Ortiz the poet has effectively become the song his father sang to him, which he sings to the reader in this poem. By describing his memory of his father showing him the overturned furrow and placing newborn mice in his hands, Ortiz highlights behavior, not words.
Teaching The relationship between parents and children is also one between teachers and students. Parents teach their children through example and explanation about the world and themselves.
Ortiz describes one such experience, in which his father teaches him compassion for all living things by moving vulnerable newborn mice to a safer place.
Ortiz comes from a culture with an oral tradition, and one means of passing down information about your family and people is by making it into a story which you tell to others. Ortiz uses singing, in this sense, figuratively.
Songs by definition include music and sometimes words. Nature The Acoma people are tied to the land, and Ortiz himself has commented that every aspect of his life is related to the natural world.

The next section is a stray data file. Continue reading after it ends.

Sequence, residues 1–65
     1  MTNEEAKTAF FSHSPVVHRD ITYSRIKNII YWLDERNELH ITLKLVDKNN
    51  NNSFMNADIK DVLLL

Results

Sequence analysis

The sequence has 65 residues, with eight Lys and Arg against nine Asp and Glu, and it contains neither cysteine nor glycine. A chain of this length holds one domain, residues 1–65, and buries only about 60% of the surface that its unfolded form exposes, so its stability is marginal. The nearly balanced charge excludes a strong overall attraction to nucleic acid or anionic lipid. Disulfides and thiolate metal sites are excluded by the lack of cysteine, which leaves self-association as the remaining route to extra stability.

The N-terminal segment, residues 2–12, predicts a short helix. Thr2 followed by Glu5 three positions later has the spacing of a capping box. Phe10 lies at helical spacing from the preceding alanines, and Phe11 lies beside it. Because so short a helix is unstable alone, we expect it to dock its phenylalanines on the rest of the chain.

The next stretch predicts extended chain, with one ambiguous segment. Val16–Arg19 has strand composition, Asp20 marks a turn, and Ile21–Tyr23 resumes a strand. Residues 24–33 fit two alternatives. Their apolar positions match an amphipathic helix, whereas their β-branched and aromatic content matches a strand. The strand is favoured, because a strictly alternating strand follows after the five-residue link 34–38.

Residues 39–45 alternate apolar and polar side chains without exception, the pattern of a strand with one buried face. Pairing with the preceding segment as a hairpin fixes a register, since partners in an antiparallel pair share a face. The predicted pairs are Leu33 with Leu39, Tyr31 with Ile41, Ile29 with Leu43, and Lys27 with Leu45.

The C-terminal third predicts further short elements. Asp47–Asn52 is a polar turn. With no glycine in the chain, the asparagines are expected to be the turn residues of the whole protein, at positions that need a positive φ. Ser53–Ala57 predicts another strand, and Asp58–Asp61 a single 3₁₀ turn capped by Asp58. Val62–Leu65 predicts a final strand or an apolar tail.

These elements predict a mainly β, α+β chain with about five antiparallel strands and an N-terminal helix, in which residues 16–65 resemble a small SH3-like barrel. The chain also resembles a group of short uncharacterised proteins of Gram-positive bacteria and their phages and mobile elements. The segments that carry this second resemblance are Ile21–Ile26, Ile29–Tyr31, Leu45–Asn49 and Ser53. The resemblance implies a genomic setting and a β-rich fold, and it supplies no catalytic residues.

Poetry Teachers of poetry and fiction are fond of telling their students that good writing shows readers something rather than tells them about it. His father shows him the beauty and preciousness of living beings by placing the mice into his hands, just as Ortiz the poet shows readers his love for his father through description rather than explanation.
It is structured into five stanzas of varying length. The syntax is conversational, with the punctuation simply marking pauses and stops. The memory deepens in the third stanza, with the discovery of a nest of mice. Historical Context Native-American History:Poem: My Papa's Waltz In Roethke had written the “My Papa’s Waltz” The poem is about a young boy and his father, the father is drunk and dancing around, kind of .